The idea of an author going full serial-killer on negative reviewers is certainly chilling (gulp). The problem I had with this volume, however, is that it’s really hard to tell what’s real and what isn’t. And while some readers love that kind of thing, I only occasionally find that it works for me. Franklin directly name-checks Brett Easton Ellis’s “American Psycho,” which is kind of apt, and should also give you some idea of the fact that this is full of sex and violence. There’s also some good stuff getting into the creative act, how we treat it, and how reviewers fit into it. The reviewers are uniformly ugly characters, but on the other hand the main character is deliberately going after those reviewers who are vicious and enjoy hurting authors, so I suppose it isn’t too surprising. My rating: 3 out of 5. (Please don’t anyone come kill me over that.)

Rebecca M. Senese’s Mind Hunt: A Science Fiction/Mystery Novel: Max Grainger, of the Crime Investigation Unit, is investigating a series of gruesome murders. Each time, the killer slaughters the six marriage partners, then all but one child, from a family grouping. She then kidnaps the final child, dumping the body roughly a week later. We get to see the investigation from the point of view of Max. We see part of the story through the eyes of Dr. Helen Nusome, the killer. Then finally we get a peek into the life of one Janine Sanders, a presidential aide who is having nightmares of the killings. The setting takes place after a bunch of bio-plagues caused widespread sterility and genetic damage, resulting in conception occurring only by cloning, and only by the permission of a governmental body. Dr. Nusome is using the kidnapped children for genetic material to sell black market embryos, but she’s also killing and mutilating because she really likes doing so.

Things seem a bit disjointed for a while, as there’s no obvious reason despite the futuristic setting for how Janine could possibly dream someone else’s actions. There’s no evidence of any psychic abilities in the story, and she doesn’t cross the investigators’ paths until late in the tale. For the most part the characters have good complexity to them, and there’s plenty of tension to the events. Grainger is desperate to catch the killers and rescue the latest kidnapped boy. This book desperately needed an extra round of editing, however. There are a lot of mis-used homonyms. Also, the use of ‘scrap’ instead of ‘scrape’ and ‘scrapping’ instead of ‘scraping’ would have been a lot less like nails scraping on a chalkboard if it wasn’t one of the author’s favorite words. My rating: 4 out of 5.

P.A. Wilson’s Closing The Circle: A San Francisco Serial Killer Novel: Special Agent Sam Barton, FBI, is in San Francisco to hunt down a serial killer who’s inscribing ritualistic symbols into his victims. Barton figures out the victims connect back to one Felicity Armstrong, business owner and Wiccan. The killer seems to be using some sort of perverted mishmash of Christian and Wiccan beliefs in his rituals. He’s left notes at Felicity’s home and office, indicating that each victim was being punished for some ‘crime’ against her. Sam and Felicity have to catch him before his obsession inevitably ends at her feet.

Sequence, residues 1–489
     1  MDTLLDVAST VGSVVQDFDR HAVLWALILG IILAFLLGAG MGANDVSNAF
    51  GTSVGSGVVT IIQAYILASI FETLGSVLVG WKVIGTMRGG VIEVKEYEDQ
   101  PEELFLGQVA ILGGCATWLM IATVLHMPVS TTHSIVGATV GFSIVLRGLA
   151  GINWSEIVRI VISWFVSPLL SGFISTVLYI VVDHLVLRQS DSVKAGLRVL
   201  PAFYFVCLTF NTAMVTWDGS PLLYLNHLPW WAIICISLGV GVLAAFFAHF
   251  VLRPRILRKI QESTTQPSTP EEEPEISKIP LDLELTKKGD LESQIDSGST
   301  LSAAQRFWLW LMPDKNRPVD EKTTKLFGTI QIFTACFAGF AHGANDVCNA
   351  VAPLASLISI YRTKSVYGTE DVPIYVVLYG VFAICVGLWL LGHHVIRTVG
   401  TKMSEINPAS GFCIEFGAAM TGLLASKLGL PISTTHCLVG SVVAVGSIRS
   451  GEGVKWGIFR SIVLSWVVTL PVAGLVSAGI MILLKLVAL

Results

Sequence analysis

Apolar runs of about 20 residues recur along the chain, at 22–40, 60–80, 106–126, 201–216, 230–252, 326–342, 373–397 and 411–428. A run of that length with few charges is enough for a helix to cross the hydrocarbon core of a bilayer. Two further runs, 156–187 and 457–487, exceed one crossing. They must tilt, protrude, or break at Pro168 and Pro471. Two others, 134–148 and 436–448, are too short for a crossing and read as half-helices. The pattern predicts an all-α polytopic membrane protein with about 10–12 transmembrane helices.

There are some holes in this story. If the killer is leaving notes at Felicity’s home and office, particularly since he goes to her office on more than one occasion, then why aren’t those locations under 24-hour surveillance? Why aren’t the police asking how this guy keeps getting into her office and home without obvious signs of break-in? For that matter, how does he know the code to her home alarm? How does he have a copy of her house key? Also, it would nice if the author knew how to spell athame, since we’re supposed to buy into Felicity’s identity as a Wiccan. The characters are okay, although not entirely deep. The story is straightforward, and definitely leaves too many questions unanswered. I enjoyed this story, but it wasn’t fantastic. My rating: 3 out of 5.

Jeffrey J. Mariotte’s Empty Rooms (The Krebbs and Robey Casefiles Book 1): Detroit detective Frank Robey (ex-FBI) and security guard Richie Krebbs (ex-cop) stumble across a new lead in the case of a girl who went missing thirteen years earlier. Richie impresses Frank enough that the two partner up to work on the cold case, even though it costs Richie his job. The two become convinced that the killer was actually the girl’s father, and that the man is still out there, preying on other little girls. Thus starts a race to track him down and stop him.

Richie is not my favorite main character. For instance, he sleeps with a woman who is not his wife, then justifies it to himself as not being a threat to his marriage because he won’t see her again. There are a lot of slow bits to this tale, and various side-journeys, and at times I found myself starting to skim portions of it. I think if it had been a bit tighter it would have been a more interesting read. My rating: 3.5 out of 5.

Robert Jeschonek’s Serial Killer vs. E-Merica: A Scifi Story: This short story introduces us to the AI avatars of the 100 states of America, in the year 2300. Missouri has just been found dead, and it’s up to Nevada to figure out what’s going on as additional bodies start dropping. This is a short, confusing-yet-interesting story, and I just wish there’d been a bit more to it. There was little time to build up characters or tension, which it could have used more of. My rating: 3 out of 5.